In the 1950s and 1960s, drive-ins began to spread like wildfire, increasing to more than 4,000 locations. The new sites may have begun as a venue to watch films, but interestingly, the main films that were shown were mostly considered to be B films. Patrons enjoyed them regardless and remained enthralled with what they saw – so much so that the drive-in became a part of American culture where people came together to socialize with each other. It was an experience all of its own and today is an important part of Americana. Despite Hollingshead seeing his dream skyrocket, unfortunately when he licensed the concept, he had trouble collecting his royalties. Taking the party to court only resulted in the loss of his patent and his original being considered invalid. Regardless of this incident, thanks to Hollingshead and doing it for Mom, drive-ins are forever etched in our culture not only in the United States, but globally.
The decline of the drive-in movie theaters came in the late 1970s and 1980s. As a result, proprietors had to show adult content during off hours to try to keep their businesses financially solvent, while also facing the rise in real estate costs and loss of patronage to the newer forms of entertainment such as the VCR and Cable Television.
My grandmother, Josephine Brotherton, experienced the drive-ins firsthand in their heyday and marvels to this day how fun they were: “The drive-in cinema was a beautiful experience for me. I remember everyone attending would arrive early to secure the most coveted spot close to the concession stand to get their snacks and drinks; the restrooms were always convenient. It was such a happy atmosphere and the parking spots filled quickly. It appeared there wasn’t one vacancy! Cars would still come when there were no more spots available, viewing as best they could in the distance without the speakers, trying to listen from those attached to other cars. People could not seem to get enough of this entertainment. It was cozy to be able to sit in your car and pick up the adjustable speaker from its metal stand and clip it to your window to hear the movie. I loved watching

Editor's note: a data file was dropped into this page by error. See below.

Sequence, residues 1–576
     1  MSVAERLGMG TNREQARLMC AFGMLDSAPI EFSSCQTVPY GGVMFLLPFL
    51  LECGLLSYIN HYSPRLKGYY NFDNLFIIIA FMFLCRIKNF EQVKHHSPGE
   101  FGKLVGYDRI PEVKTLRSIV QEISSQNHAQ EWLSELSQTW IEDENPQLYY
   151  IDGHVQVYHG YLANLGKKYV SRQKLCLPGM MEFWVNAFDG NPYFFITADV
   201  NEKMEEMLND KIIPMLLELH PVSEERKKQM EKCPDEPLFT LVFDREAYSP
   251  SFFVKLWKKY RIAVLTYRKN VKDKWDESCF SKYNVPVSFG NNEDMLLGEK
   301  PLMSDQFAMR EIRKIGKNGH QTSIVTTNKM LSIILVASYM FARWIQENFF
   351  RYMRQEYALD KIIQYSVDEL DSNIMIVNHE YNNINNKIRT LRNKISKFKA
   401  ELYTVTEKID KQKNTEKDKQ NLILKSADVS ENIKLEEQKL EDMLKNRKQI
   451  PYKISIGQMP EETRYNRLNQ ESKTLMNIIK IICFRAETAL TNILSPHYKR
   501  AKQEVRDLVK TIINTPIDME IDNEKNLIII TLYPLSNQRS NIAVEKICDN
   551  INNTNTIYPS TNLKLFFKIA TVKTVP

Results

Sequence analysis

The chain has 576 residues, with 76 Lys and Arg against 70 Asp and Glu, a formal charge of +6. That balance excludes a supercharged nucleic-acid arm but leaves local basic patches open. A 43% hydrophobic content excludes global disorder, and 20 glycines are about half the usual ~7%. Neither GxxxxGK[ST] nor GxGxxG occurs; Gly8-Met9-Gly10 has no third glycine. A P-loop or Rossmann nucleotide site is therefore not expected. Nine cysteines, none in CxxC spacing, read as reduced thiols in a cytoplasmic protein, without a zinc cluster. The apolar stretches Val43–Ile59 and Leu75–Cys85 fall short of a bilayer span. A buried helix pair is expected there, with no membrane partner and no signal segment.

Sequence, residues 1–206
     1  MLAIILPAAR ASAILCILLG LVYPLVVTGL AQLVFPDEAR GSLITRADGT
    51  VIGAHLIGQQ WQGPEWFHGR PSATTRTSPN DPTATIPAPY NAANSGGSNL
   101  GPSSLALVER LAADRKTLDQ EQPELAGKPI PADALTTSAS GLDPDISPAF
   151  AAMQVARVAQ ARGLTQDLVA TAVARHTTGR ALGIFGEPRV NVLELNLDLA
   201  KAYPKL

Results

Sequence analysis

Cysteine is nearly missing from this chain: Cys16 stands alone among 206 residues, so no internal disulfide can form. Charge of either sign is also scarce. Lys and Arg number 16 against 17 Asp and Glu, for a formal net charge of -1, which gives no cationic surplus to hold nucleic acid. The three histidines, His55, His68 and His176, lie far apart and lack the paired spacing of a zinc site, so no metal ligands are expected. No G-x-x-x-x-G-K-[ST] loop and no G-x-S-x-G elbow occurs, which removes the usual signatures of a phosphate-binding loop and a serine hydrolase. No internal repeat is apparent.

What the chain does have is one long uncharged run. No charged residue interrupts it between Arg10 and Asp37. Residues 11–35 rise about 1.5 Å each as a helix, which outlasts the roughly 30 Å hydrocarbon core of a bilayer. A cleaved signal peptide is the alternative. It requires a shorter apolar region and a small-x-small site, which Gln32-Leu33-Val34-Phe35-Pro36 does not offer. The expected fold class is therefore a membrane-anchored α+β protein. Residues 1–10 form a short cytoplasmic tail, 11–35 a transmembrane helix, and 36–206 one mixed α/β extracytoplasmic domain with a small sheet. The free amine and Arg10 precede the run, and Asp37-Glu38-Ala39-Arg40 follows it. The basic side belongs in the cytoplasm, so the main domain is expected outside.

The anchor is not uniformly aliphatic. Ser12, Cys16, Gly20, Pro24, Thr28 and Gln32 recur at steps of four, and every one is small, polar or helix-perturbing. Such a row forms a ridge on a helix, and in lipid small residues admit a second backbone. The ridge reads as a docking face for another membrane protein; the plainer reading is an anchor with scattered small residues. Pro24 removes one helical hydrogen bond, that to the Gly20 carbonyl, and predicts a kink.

a film under the stars and breathing in the fresh air. You could even get out of the car to stretch your legs and still hear the movie. The environment provided much more freedom than an indoor theater, and people appreciated the intermissions. It was just a delightful experience, and I would love to have drive-ins thrive once again like they used to.”
Today the remnants of many closed drive-ins serve as reminders of a bygone era. Many locations have been turned into storage spaces or flea markets. The Fort Lauderdale Swap Shop is known to have been the largest drive-in in the world, and is now dubbed as the world’s largest flea market.
After the year 2000, individuals have tried reviving the glory days of the drive-in cinema, but to date, they still haven’t gained enough in popularity, leaving many enthusiasts disappointed. Fewer than 400 are currently in operation across the United States. That number is about to get smaller, because after 2013, movie production companies will no longer circulate movies as 35mm film; cinemas, whether traditional or drive-in, must convert to digital or go dark. Carrying an expense of up to $80,000, many operations running on a small margin may have to call it quits.
However, moviegoers remain grateful to the proprietors who are keeping the drive-in theaters open so today’s society can enjoy the benefits of this 80-year-old tradition, including a unique entertainment experience, quality family time, and intimate evenings creating fond memories lasting a lifetime.
Drive-in Movie Theaters still in operation: